If you send a message out twice, it makes you and it twice as important. Everyone knows that.

  37. S says:

    If you send a message out twice, it makes you and it twice as important. Everyone knows that.

  38. Sergey says:

    If after sending a message 2nd time silence continues – send it one more time IN THE UPPER CASE. ;)

  39. Erzengel says:

    "It is said that insanity is doing the same thing over and over again and expecting different results."

    So it’s insanity for the drive through order takers to say "Hi, may I take your order?" and upon getting no response to repeat, "Hello? May I take your order?"

    And you know, the order taker does the same thing over and over again ("Hi, may I take your order?") and gets many varied results.

    Doesn’t quantum physics say that physics is about probabilities? Wouldn’t that mean that doing the same thing will get different results?

    As said before, there are situations where a resend does prove benificial. One would hope that you might include more information on a resend, but if you don’t have anymore information there’s not much to do.

  40. smackfu says:

    This happens to us when someone sends a mail to several people (all in the To) and no one thinks it’s their job to handle it.  The resend is annoying, but does tend to indicate that really no one is responding… hopefully someone does resond to the resend.

  41. Daggers says:

    If you’re compelled to re-send your question, add information to make it more likely that somebody will respond to the second one.

    Of course it helps to mark that extra information with single and double daggers.

  42. agloco says:

    i always resend emails. At first when I got no reply I always thought ive send it to the wrong email, so send again.

  43. Miral says:

    In a particular set of newsgroups, I’m one of the main group of people who answers most questions posed.  Frequently, however, questions will come up that I simply don’t know the answer to, or have a general idea what it might be but am not completely certain about.  So what I usually do in those cases is simply to not reply, expecting one of the others to reply in turn with a more definite answer than I could provide.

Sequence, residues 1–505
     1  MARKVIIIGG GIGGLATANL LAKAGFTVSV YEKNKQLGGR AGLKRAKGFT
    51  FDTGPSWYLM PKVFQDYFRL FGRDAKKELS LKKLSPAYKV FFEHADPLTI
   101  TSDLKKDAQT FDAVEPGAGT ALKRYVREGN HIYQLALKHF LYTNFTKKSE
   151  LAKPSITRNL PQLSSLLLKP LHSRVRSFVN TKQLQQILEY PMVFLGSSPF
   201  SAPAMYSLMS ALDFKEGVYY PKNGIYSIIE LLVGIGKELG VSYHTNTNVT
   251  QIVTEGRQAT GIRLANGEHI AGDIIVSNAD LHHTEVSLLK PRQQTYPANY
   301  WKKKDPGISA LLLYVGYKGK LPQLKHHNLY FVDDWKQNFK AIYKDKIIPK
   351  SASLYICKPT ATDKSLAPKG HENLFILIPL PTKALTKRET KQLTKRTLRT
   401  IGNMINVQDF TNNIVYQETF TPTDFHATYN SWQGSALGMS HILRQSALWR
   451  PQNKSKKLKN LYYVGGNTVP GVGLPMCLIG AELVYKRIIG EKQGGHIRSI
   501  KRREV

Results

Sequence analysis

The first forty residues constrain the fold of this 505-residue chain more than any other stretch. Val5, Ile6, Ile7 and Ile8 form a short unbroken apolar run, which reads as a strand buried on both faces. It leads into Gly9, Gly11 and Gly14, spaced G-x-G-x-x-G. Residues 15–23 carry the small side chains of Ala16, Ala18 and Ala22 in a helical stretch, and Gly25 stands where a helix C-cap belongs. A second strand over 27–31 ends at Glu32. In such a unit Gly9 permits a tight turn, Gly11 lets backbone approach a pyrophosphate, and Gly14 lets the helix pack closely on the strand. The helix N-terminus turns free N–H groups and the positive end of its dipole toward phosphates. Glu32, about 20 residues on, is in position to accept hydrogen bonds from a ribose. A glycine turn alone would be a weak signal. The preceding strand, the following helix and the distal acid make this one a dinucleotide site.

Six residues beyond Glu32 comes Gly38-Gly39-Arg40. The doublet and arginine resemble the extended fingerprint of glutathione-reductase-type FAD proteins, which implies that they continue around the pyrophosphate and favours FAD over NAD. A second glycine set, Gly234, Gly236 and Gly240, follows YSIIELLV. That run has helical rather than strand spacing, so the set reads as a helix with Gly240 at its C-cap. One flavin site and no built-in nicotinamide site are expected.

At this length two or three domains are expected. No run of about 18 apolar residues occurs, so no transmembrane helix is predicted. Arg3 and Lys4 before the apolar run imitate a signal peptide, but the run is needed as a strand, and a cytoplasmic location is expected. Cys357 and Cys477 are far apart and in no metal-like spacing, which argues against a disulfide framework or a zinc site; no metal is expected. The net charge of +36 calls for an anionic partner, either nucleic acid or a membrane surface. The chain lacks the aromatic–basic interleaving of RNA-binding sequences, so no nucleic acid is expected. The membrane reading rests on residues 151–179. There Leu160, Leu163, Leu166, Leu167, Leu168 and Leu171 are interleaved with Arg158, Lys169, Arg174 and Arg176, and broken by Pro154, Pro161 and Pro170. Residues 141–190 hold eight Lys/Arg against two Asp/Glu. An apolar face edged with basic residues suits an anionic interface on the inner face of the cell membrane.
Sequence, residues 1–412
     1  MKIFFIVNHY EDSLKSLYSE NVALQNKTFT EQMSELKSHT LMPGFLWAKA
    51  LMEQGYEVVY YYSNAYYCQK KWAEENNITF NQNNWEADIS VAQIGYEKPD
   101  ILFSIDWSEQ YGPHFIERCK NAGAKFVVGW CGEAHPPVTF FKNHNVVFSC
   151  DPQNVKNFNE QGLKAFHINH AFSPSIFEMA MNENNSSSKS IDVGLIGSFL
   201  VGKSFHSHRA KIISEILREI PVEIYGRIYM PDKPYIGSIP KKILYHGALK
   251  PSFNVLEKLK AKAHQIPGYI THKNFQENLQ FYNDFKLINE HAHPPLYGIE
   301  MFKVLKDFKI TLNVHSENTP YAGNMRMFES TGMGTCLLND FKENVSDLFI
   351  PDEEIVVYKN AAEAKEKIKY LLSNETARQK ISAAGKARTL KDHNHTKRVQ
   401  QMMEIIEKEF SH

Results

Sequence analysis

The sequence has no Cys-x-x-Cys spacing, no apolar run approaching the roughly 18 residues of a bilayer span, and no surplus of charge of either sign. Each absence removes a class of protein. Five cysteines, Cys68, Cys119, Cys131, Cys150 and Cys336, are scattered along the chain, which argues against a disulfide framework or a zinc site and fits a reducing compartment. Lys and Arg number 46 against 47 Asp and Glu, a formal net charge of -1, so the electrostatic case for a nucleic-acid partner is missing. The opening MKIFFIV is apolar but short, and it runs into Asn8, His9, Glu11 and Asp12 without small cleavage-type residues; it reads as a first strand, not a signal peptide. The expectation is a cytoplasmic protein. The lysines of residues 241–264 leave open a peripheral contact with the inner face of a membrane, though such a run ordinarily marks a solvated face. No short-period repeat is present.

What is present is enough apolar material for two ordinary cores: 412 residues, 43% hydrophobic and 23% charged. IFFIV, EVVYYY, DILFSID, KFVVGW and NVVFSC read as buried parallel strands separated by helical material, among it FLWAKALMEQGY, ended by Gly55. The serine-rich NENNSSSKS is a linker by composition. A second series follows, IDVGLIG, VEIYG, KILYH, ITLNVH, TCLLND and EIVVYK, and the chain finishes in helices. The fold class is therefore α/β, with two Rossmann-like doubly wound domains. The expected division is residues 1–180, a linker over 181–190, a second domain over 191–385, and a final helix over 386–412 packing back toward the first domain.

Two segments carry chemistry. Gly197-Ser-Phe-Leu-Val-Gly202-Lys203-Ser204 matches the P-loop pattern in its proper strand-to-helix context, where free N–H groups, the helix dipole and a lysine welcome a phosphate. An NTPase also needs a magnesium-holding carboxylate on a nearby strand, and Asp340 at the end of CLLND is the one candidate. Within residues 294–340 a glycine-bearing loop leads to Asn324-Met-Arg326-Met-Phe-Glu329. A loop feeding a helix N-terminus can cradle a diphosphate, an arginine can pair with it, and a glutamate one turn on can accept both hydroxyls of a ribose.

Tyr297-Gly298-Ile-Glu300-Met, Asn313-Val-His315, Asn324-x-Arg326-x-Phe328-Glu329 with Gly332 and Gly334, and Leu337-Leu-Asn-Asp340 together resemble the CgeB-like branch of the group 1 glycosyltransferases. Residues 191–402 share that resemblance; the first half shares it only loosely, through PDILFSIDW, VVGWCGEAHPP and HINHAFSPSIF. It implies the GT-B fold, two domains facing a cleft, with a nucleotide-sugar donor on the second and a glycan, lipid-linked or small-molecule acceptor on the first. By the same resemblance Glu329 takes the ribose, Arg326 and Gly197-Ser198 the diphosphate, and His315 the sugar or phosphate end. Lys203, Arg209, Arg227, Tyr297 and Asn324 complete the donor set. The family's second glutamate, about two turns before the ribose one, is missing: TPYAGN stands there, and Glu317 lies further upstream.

Usually, this happens.  Sometimes, though, it doesn’t, and if the original poster then does a resend (to bring the thread back up where it’s visible) then on the second round I will usually post a response indicating that I either don’t know the answer or can give some information but aren’t sure how helpful it’d be (since it’s then clear that nobody with more firm knowledge has replied in the interim).

    So as long as sufficient time elapses between the two posts, resending a question is actually beneficial.  (Not allowing enough time simply annoys people and makes it less likely for them to give you a helpful response.  Unfortunately for the querent, everybody has different ideas about how long is "long enough".)

  44. "" says:

    Insanity is obeying a proverb.

    "If at first you don’t succeed, try, try again."

  45. Igor says:

    And most likely everyone annoyed by double posting hates being asked "Would you like something for desert?" or "Would you like fries with that?" everytime they order in a fast food restaurant when the clerk should already know after 100th time that *they* never want desert or the fries. In the end it’s all about ego.

  46. Martin Cowen says:

    Re getting an email asking for your email address, I have had a cheque returned in the post stating the reason for return was that they didn’t have my address so couldn’t process my subscripton. I returned it saying they must have my address, and as proof here is your envelope back again, but they still returned it.